Proposed Bill Aims to Reduce Rural Suicides

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Farmers are more likely to commit suicide than people in the general workforce and a new bill introduced in Congress aims at helping to prevent that. Iowa Senator Chuck Grassley and Montana Senator Jon Tester say the Seeding Rural Resilience Act will help curb a rising rate of rural suicides. According to the Centers for Disease Control and Prevention, the suicide rate is 45% higher in rural America.

The act, would implement a voluntary stress management training program to major agriculture as well as devote $3 million to create a public service announcement campaign.

Corinne Peek-Asa with the University of Iowa Injury Prevention Research Center says, "Working on reducing the stigma of seeking help, recognizing farming is a stressful occupation you are not performing poorly if you feel anxious about it so helping change the culture about recognizing the stress of farming."

Peek-Asa says there are a host of other concerns facing farmers: isolation, distance from health care, stigma against receiving counseling, and financial burdens. She studies suicide with a focus on prevention and wants to think about how to use systems and communities in place that prevent farmer stress.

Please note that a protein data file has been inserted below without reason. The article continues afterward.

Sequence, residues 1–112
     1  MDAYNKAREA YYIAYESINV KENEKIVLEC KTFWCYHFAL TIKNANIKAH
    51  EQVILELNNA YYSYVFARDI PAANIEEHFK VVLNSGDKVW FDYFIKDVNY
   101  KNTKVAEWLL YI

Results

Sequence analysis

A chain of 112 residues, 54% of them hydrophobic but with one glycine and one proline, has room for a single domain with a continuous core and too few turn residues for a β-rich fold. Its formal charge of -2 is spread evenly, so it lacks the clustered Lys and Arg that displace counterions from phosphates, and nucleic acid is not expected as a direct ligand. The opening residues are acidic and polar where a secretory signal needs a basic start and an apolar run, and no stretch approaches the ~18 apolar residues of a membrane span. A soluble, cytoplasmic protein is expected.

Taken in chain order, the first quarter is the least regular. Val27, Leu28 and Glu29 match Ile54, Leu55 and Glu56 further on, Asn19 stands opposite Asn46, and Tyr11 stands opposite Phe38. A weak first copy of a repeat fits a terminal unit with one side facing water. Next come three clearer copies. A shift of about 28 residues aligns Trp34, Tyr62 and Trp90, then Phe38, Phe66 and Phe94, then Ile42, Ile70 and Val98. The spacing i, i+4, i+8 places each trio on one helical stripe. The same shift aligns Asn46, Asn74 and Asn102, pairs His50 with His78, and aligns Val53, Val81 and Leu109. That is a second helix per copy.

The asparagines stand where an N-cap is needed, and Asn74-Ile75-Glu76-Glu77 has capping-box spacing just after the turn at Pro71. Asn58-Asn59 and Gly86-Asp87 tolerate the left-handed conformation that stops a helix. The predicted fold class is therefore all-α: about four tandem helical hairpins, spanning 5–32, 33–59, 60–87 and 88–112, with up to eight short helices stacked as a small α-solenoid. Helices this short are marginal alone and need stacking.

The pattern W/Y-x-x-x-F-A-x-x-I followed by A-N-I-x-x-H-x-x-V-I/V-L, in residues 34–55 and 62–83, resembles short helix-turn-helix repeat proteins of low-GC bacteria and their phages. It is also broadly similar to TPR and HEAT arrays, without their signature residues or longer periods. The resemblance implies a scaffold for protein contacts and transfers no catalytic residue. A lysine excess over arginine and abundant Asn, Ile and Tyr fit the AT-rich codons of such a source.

Peek-Asa hopes the bill passes Congress, Senator Grassley says it should, "This is a simple, non-controversial, bipartisan measure. That is much needed. I see no reason why the agriculture committee and the full Senate couldn't approve this bill expeditiously."

The Seeding Rural Resilience Act has been applauded by farming and mental health organizations across the country, including the American Psychological Association, the National Farmers Union, and the American Farm Bureau.

Peek-Asa says when they look at trends among people who work, they found farmers have a three-times higher rate of suicide than among the general workforce.

She says a key aspect of that is uncontrollable business factors, "The farmer is really the complete picture of an entrepreneur, but so much of what they do, the weather to the new stresses of farm financing and tariffs, create a lot of things that farmers can't control and that kind of uncontrollable stress is much more damaging biologically to the system."

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